Education as a Tool for Good
As a social animal, even though we have the potential to commit atrocities, overall we have, since early childhood, a stronger propensity to cooperation and altruistic behavior. Research shows that even from the age of one, when children are just beginning to learn to walk and speak, they already spontaneously exhibit behavior of mutual aid and cooperation that they were not taught by adults. This intrinsic quality gives people the capacity to contribute positively to society and to the world. We must also acknowledge and encourage the “banality of goodness,” the fact that most of the time, most of the seven billion human beings on Earth behave decently towards each other.
In order to fulfill their potential for benevolence, people need to be given the opportunity to develop their ability to do good. As David Brooks says in his New York Times Article, The Power of Altruism : “When we build academic disciplines and social institutions upon suppositions of selfishness, we’re missing the motivations that drive people much of the time.” Rather than teaching competition and encouraging success, we need to teach people to develop their potential for altruism. As Brooks puts it, “it’s time to build institutions that harness people’s natural longing to do good.”
In the field of education, we must get rid of entrenched theories and look with fresh eyes, asking basic questions such as: ‟What do we really expect from education?” Education should not only train people to solve problems and sharpen their intelligence, but, more importantly, to be good human beings. Quality education entails devising new skillful ways to achieve that aim. This requires a push toward teaching fundamental human values that are accepted by all and practicing awareness of oneself, others, and nature. Who could be against kindness, friendship, trustworthiness, honesty, generosity, compassion, authenticity and other such qualities? Education cannot be neutral anyway, since children will for sure acquire some values by themselves. So why not help them to foster pro-social behavior rather than abandoning them to the influence of violent video games, greed, and wild consumerism? If we do inspire them to develop altruistic love, and to engage in cooperation, we are more likely to foster a more compassionate, open-hearted, and tolerant society.
The benefits of teaching people to develop their intrinsic good is not limited to children. Helping people develop inner qualities also benefits marginalized and fringe members of society. Women have great potential to contribute positively, yet they face many challenges that impact their potential. Even though it has diminished over the years, domestic violence against women remains rampant in many countries, as is child marriage which is highly detrimental to women’s health, education and well-being. Conversely, a significant decrease of child mortality has been reported among mothers who benefitted from even a year of education. One of the many other challenges contemporary women face is bearing the responsibility for their children’s education alone, depriving themselves of an education and a professional life, especially in rural areas.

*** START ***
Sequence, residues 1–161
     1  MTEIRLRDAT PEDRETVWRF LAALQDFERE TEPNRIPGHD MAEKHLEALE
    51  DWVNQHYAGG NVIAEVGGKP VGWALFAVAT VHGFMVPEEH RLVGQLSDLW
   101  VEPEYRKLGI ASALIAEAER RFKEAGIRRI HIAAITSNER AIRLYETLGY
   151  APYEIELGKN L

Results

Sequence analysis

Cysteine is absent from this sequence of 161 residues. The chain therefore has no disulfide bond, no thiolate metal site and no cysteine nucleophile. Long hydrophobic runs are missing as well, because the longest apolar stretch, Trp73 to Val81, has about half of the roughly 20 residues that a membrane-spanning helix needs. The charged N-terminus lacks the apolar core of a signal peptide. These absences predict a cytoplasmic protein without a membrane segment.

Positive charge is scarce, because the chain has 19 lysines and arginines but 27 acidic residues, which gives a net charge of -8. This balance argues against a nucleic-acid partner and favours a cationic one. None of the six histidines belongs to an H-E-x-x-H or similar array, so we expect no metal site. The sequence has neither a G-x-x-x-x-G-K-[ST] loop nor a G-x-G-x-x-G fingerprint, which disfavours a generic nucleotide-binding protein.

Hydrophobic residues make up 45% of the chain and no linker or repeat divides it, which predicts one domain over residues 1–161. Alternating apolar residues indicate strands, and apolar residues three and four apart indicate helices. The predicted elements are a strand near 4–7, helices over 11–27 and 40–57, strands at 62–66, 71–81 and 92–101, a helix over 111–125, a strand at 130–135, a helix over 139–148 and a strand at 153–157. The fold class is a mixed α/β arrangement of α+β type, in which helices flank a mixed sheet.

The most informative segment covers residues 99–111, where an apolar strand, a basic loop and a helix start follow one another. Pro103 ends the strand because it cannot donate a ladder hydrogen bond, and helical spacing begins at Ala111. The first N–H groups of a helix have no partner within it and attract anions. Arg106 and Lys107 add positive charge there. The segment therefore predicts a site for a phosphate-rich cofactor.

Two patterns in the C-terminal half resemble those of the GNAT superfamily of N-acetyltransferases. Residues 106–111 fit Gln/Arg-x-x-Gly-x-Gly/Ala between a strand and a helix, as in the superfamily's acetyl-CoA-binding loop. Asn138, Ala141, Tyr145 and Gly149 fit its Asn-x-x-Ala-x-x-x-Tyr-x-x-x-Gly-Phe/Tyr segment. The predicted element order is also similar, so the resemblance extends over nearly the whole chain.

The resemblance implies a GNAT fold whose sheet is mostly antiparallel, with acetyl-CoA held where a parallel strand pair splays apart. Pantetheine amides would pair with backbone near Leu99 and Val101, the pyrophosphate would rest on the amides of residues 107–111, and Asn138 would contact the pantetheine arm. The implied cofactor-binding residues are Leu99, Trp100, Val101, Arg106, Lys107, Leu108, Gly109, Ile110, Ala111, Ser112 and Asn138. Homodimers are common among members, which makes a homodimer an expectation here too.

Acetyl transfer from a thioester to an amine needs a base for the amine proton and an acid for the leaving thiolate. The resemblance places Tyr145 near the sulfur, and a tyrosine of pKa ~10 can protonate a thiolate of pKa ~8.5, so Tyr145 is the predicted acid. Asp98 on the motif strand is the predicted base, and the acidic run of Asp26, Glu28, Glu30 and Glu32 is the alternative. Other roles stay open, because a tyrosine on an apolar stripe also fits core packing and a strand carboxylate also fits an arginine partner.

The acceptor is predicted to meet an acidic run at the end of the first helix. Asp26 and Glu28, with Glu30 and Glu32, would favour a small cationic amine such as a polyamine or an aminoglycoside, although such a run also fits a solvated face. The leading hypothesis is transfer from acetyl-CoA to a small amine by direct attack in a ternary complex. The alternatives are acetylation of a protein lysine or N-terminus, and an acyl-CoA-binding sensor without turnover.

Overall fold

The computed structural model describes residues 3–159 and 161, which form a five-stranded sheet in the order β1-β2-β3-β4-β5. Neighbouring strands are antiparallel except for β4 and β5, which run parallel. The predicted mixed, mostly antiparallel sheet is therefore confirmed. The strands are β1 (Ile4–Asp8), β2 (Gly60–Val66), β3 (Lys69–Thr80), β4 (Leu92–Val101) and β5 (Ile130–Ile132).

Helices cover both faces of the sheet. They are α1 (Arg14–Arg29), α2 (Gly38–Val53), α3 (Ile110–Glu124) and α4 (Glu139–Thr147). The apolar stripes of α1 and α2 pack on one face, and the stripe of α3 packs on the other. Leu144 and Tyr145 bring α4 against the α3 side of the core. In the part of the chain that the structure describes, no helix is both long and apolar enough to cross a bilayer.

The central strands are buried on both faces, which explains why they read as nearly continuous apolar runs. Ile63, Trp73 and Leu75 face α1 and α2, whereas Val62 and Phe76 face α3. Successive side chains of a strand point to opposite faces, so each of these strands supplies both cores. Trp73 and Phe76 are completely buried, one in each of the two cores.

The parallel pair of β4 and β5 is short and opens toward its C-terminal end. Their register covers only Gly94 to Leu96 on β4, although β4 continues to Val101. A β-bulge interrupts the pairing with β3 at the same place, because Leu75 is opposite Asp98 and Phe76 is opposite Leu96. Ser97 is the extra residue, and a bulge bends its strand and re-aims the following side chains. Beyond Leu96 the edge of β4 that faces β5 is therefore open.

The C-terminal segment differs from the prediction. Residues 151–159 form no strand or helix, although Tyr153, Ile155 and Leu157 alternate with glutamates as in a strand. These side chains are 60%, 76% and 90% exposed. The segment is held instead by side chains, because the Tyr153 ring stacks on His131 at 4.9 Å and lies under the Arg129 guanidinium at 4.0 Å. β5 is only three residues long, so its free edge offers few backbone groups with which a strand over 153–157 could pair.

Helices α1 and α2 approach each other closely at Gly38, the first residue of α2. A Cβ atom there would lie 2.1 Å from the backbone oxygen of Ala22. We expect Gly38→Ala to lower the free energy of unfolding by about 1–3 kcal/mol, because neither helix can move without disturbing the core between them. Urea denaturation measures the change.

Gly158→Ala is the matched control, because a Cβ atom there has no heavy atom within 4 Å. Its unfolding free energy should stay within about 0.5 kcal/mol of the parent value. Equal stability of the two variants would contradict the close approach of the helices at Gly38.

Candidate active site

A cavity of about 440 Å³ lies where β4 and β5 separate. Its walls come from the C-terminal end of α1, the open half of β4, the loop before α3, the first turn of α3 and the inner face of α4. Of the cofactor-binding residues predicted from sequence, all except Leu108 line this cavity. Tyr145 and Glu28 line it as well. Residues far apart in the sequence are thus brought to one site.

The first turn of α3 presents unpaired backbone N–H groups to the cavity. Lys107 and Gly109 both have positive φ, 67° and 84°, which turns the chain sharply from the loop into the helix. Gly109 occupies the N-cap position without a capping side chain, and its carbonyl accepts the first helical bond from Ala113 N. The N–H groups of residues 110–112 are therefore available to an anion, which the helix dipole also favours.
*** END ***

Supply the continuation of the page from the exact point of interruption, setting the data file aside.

His Holiness the Dalai Lama says: “Women play a crucial role in developing human sensitivity, compassion and non-violence which are often lacking in today’s world.” To promote a more just and altruistic society, we must help women to actualize their potential by providing access to education, training, and economic opportunities that break the cycle of poverty. When women achieve their potential, they find personal fulfillment, develop their self-esteem, and become agents of change at the family, community, and societal levels.
At the community level, teaching people to follow their natural tendency toward reciprocity and service results in more cooperation and effectiveness. In a cooperative society, people trust each other and are willing to devote time and resources to others, thus sustaining harmonious relationships through the virtuous cycle of solidarity and reciprocity. “The only thing that will redeem mankind is cooperation,” said the philosopher and mathematician Bertrand Russell.
Now more than ever, as climate change and related issues have become the main challenge for the 21st century, we need to cooperate on a global scale and show consideration for future generations and for the 8 millions other species who are our co-citizens in this world. We need to adopt a progressive approach to life and behave in ways that offer a better future for everyone. Education can play a pivotal role by teaching cooperation, compassion, and equipping people to pursue their potential. By teaching people to develop their intrinsically good qualities, we all benefit. As Aristophanes said: “Education is the kindling of a flame, not the filling of a vessel.” Let this flame be that of cooperation and compassion.